Most people experience anxiety to some extent—whether it’s worrying about major life events, difficulty with personal relationships or stressful situations at work. These anxious feelings are temporary for some, but many people struggle with anxiety for extended periods of time.
Anxiety can set in for long periods of time, or it can manifest as rapid bursts of panic, leaving a person feeling overwhelmed. Many times, people suffering from heavy anxiety turn to alcohol to help calm down and relax.
While alcohol can provide temporary relief from anxiety, it can do considerably more damage in the long-term. According to some estimates, alcoholism and other substance abuse issues are three times as likely among those with anxiety disorders compared to those without.
Below we’ll explore symptoms of anxiety and how those suffering from the condition become addicted to alcohol.
There are different kinds of anxiety disorders, but some symptoms typically experienced by those suffering from anxiety include:
Alcohol can temporarily relieve many of the above symptoms, making it seem like a good solution to anxiety. When you drink alcohol, your blood alcohol content (BAC) rises. This causes changes in your brain chemistry that leads to good feelings and a sense of relaxation.
However, when you stop drinking, your BAC eventually begins to lower. Feelings of depression creep in, and the changes in your brain’s normal operations might even lead to more anxiety. In fact, if you quit drinking alcohol altogether, anxiety is one of the withdrawal symptoms you’ll face as your mind and body learn how to function without the drug.
Consuming more alcohol often raises your tolerance levels, meaning you need to drink more in order to feel good. If you develop a dependence or addiction, some of the long-term effects can be devastating and even fatal.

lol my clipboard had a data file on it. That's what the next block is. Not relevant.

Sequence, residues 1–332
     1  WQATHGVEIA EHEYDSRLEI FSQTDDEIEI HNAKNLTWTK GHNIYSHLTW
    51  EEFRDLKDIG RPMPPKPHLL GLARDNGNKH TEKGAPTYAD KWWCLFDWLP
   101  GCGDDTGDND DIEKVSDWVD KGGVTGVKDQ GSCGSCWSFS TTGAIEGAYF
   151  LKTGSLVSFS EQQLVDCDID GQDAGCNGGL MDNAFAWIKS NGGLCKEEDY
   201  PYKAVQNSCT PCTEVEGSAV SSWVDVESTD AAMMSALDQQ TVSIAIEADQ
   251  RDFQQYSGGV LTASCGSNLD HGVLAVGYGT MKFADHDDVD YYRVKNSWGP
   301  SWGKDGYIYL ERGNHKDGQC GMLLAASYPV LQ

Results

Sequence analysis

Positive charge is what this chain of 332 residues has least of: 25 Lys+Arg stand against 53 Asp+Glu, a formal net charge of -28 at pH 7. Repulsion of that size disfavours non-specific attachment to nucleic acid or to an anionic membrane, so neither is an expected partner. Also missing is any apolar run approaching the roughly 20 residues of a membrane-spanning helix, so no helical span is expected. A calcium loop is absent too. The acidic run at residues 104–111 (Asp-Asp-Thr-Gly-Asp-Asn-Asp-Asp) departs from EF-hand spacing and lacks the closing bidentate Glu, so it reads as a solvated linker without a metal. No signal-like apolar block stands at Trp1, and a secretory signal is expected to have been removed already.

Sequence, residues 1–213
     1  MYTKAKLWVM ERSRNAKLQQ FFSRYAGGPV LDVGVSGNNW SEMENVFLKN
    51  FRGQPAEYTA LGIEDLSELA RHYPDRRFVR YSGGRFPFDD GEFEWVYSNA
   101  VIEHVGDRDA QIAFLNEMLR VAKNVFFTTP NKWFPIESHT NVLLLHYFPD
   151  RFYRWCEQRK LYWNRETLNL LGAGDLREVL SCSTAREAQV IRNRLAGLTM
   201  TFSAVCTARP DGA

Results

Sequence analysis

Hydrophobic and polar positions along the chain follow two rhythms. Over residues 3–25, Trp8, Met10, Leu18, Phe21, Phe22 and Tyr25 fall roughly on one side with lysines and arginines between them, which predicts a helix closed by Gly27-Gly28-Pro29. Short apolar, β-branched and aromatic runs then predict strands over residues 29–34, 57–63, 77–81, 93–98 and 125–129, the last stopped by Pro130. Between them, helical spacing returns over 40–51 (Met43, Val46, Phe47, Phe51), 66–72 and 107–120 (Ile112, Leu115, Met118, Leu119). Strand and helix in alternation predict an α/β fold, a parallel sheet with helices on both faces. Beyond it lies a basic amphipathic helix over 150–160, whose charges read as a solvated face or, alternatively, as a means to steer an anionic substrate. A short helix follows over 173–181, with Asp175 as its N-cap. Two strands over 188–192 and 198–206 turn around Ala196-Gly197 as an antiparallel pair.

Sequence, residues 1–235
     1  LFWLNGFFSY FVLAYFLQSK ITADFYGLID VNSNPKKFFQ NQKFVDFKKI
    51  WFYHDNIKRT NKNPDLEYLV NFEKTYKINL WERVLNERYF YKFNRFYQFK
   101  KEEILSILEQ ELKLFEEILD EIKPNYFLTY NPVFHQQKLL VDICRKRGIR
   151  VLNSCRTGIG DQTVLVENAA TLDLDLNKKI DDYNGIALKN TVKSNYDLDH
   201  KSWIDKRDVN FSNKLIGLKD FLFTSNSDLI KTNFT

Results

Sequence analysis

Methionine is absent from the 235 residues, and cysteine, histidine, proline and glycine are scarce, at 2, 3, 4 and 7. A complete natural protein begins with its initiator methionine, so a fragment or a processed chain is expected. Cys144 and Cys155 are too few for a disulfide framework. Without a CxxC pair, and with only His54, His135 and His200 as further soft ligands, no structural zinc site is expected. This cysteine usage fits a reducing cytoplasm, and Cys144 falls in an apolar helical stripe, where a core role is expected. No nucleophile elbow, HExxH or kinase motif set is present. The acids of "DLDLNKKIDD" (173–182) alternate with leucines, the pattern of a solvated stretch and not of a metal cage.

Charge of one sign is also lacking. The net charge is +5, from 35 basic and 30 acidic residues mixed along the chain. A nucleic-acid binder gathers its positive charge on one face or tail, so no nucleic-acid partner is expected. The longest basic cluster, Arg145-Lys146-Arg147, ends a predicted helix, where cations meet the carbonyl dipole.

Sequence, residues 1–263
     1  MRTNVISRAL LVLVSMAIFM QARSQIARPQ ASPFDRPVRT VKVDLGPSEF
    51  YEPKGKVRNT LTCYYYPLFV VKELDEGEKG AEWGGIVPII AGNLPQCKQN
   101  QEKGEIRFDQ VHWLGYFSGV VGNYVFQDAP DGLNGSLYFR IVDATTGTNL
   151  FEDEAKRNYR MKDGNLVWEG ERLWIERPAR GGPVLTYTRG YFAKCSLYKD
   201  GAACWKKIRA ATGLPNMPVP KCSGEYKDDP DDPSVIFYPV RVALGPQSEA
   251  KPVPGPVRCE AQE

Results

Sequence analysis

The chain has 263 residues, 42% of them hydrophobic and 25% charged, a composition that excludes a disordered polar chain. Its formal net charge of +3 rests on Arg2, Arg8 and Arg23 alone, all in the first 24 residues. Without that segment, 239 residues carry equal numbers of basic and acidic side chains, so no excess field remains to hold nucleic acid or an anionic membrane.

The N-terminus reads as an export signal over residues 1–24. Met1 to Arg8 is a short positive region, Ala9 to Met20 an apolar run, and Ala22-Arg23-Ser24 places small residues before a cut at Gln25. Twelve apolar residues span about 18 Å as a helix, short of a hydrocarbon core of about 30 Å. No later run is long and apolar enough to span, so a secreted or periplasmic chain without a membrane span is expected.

Virtually every aspect of your body can be damaged with enough alcohol use. And on top of that, excessive drinking can lead to a number of life-threatening diseases and types of cancer. When combined with anti-anxiety medications, binge drinking to manage anxiety also carries serious health risks and even death.
When you’re struggling with alcoholism and anxiety, you need simultaneous treatment for both conditions to have the best chance at recovery. These co-occurring disorders often have similar underlying causes, and dual diagnosis treatment can equip you with the tools you need to regain control of your life.
Listen to Fire Chief Aaron’s story about overcoming his substance use disorder with help from Cycles of Change Recovery. If you know someone struggling with addiction, share this video with them to remind them there is hope.
At Cycles of Change Recovery Center, we work with you on a personalized treatment plan to meet your needs. You’ll learn to understand the root causes of both conditions and how to avoid relapse during alcohol recovery. If you’re concerned about a loved one struggling with alcoholism but don’t know how to help, we can provide assistance in staging an intervention.
Contact our team today for a confidential conversation on how you can begin the process of healing.